If you take the road less traveled along the Pacific Coast, you will find yourself on the narrow, winding, two-lane Highway 1, which meanders through a collection of small California towns, along ocean cliffs and beaches.
Here you’ll find travelers who are focused more on the journey and less on reaching their destination, and there are rewards in store for those who do.
Driving lazily along this route in November, there are places where your eyes might convince you that the laws of nature no longer apply. Leaves of orange and brown appear to be defying the rules, drifting not down with the force of gravity, but sidewise and upward among the groves of eucalyptus trees rooted in the sandy soil.
Santa Cruz, Pacific Grove, Big Sur and Pismo Beach are among many hidden gems along the route where this phenomenon exists. It is worth pulling over and getting out of your car to explore.
Closer examination will reveal that those were not fall’s leaves, but thousands of migratory Monarch butterflies! They hang in vast numbers, resembling a cluster of dried leaves to the untrained eye. At Pismo Beach, a very nice state park, a cadre of enthusiastic docents invites the passer-by to stop a while and marvel.
Closer examination through available spotting scopes reveals tens of thousands of butterfly wings layered like shingles on a roof, providing protection from cold temperatures and seasonal rains.
But what draws them to this place where flowers seem few and conditions seem harsh? The microclimate provided by the grove of trees itself is the key.
Monarch butterflies have long been known as migratory insects, traveling thousands of miles from overwintering sites in Mexico, and up the eastern side of the United States. Monarchs have evolved to be completely dependent on milkweed for egg-laying and caterpillar development, and migrate to states where milkweed grows in the wild.
What is less known is that another subset of Monarchs has evolved to make a parallel migration along the western coast of North America, wintering in the protective groves of trees found in quiet coastal towns of California, and migrating north each summer on the west side of the Rockies to northern states that support milkweed plants.
There are distinct differences between these two migratory populations. Whereas Monarchs from Mexico tend to live for about six weeks, Monarchs from the Pacific Coast of California may live up to six months!
Nevertheless, the Monarchs who leave the overwintering sites in California to travel north will not live to return. It is their descendants who somehow know to head to the groves utilized by their forbearers. The trees provide the much-needed shelter from the winds, a place to cluster and develop mutual protection from rain, and an opportunity to find mates.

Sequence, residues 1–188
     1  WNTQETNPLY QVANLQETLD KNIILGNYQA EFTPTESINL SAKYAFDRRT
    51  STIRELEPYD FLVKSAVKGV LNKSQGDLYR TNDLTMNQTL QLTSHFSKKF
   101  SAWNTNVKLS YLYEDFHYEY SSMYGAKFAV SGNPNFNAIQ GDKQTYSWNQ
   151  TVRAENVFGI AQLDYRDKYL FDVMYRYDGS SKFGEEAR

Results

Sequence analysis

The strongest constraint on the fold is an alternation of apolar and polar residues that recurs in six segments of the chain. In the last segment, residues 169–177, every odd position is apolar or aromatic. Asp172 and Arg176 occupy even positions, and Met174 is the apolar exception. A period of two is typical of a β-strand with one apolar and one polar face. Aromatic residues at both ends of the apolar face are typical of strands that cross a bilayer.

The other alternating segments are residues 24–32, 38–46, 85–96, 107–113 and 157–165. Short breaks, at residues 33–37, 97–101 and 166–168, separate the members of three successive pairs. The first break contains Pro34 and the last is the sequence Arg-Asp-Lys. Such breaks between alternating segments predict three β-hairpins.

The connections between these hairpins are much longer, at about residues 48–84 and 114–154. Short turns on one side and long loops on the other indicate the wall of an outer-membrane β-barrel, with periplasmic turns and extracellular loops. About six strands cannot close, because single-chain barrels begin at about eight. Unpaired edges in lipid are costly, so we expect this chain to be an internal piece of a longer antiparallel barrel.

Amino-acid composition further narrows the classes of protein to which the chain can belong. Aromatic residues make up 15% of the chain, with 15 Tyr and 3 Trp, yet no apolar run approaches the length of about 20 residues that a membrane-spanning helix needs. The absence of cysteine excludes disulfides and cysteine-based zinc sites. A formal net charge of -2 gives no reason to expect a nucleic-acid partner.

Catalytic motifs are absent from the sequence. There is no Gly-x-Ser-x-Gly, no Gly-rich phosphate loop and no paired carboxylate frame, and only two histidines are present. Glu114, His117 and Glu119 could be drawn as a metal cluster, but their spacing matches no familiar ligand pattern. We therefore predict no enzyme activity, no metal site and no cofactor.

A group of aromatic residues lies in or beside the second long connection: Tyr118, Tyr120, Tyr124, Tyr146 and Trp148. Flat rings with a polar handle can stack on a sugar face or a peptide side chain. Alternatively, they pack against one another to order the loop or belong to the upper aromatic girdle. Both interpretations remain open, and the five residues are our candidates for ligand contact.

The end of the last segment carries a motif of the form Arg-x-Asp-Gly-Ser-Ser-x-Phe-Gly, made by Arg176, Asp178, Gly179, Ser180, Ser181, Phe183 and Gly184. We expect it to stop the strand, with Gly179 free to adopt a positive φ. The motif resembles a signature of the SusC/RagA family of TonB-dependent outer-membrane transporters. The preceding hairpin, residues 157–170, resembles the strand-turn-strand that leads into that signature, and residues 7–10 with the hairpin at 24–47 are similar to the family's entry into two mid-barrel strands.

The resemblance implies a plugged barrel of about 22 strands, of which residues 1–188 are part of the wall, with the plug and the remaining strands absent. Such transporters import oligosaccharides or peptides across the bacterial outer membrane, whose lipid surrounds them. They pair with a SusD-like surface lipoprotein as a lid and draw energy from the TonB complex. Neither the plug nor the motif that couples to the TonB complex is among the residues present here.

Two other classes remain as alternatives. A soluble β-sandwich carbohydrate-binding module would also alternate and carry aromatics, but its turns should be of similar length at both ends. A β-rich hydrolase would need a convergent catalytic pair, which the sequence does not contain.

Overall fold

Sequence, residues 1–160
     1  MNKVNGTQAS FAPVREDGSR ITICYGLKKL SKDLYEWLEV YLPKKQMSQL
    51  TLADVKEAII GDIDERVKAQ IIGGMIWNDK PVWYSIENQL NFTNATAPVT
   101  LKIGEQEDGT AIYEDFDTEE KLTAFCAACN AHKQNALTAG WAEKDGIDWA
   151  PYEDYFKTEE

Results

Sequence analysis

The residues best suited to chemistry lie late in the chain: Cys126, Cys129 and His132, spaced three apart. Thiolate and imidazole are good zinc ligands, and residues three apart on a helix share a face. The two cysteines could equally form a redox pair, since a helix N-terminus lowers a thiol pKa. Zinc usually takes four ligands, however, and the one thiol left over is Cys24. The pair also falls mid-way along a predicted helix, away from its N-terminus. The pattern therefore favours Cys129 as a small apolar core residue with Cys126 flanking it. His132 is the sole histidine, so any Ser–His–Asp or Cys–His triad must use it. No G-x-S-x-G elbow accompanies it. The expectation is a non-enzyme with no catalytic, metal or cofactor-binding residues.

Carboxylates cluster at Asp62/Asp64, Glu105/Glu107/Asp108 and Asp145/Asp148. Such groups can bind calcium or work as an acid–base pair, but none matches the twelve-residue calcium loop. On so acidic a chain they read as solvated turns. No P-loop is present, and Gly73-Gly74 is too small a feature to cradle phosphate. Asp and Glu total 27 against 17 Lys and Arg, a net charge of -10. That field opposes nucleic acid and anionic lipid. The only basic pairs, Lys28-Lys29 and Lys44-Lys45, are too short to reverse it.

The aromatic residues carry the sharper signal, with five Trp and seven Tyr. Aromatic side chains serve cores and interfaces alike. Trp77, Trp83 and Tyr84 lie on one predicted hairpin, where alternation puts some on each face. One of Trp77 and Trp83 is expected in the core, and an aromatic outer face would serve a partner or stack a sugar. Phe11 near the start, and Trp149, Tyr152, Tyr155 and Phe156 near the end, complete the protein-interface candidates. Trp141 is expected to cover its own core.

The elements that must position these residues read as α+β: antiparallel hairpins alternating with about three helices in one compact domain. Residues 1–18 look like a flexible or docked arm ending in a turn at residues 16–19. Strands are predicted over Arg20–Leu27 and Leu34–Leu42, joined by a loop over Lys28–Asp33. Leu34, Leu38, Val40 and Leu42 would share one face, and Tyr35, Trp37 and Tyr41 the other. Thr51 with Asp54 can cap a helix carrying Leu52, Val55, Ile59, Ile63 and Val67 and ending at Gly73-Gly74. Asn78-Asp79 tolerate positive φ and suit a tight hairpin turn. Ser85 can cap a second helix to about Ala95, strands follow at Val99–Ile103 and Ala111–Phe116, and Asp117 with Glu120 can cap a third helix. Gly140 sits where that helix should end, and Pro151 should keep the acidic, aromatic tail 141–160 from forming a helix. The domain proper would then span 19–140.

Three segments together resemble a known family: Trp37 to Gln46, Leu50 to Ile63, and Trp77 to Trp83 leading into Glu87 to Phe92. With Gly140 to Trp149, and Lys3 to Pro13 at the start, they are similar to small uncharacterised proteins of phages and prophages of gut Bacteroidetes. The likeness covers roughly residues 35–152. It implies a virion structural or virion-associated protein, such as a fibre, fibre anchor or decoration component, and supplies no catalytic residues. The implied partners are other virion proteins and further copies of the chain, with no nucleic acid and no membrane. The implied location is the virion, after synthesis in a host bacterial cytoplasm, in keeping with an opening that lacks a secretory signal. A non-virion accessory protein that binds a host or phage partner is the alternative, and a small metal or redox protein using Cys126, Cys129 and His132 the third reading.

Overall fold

Although most of the groves where overwintering occurs in California are largely made of eucalyptus trees, studies have shown that Monarchs do not prefer this invasive species. They have simply adapted to what is available.
Indeed, when given a choice, they seem to prefer native conifers much of the time, but are known to switch between tree species as conditions change. Overall, they did not cluster on one tree species significantly more frequently than another, indicating that Monarchs do not prefer eucalyptus — or any tree species — all of the time.
However, more often than not, Monarch butterflies clustered significantly more than expected on native trees, particularly at midseason when the weather was most inclement. They also clustered disproportionately on native conifers when the overwintering population size was highest. At most sites monarchs exhibited tree switching, shifting from eucalyptus to native conifers in the middle or late winter. — http://digitalcommons.calpoly.edu/theses/1256/]
With this knowledge, docents and volunteer gardeners at the Pismo Beach Monarch Butterfly Grove have, in recent years, begun a program of planting more native cypress trees in the grove. As the mature eucalyptus trees die out, more native options will be available to future generations of Monarchs.
Without the microclimate created by a grove of trees at this place, the location of which is somehow, mysteriously transferred to future generations of butterflies, the Monarch populations will decline, as they have been doing worldwide. The local volunteers are determined that it will not be for lack of a healthy grove of trees in Pismo Beach.
Once again, it’s all about the trees.
Just the facts
- The Pismo Beach Monarch Grove is on Highway 1 at the southern edge of Pismo Beach, and is active with butterflies from November through March.
- This is one of the largest colonies of monarchs in the United States, attracting an average of 25,000 butterflies to an area of less than an acre.
- The site is handicapped accessible with wide compacted gravel pathways.
- Well-trained and enthusiastic volunteer docents are on hand to offer informative talks and answer questions from 10 a.m. to 4 p.m. during the active season, as well as offering scheduled talks, and providing spotting scopes for close viewing.
- A small gift shop is on site selling Monarch-themed mementos.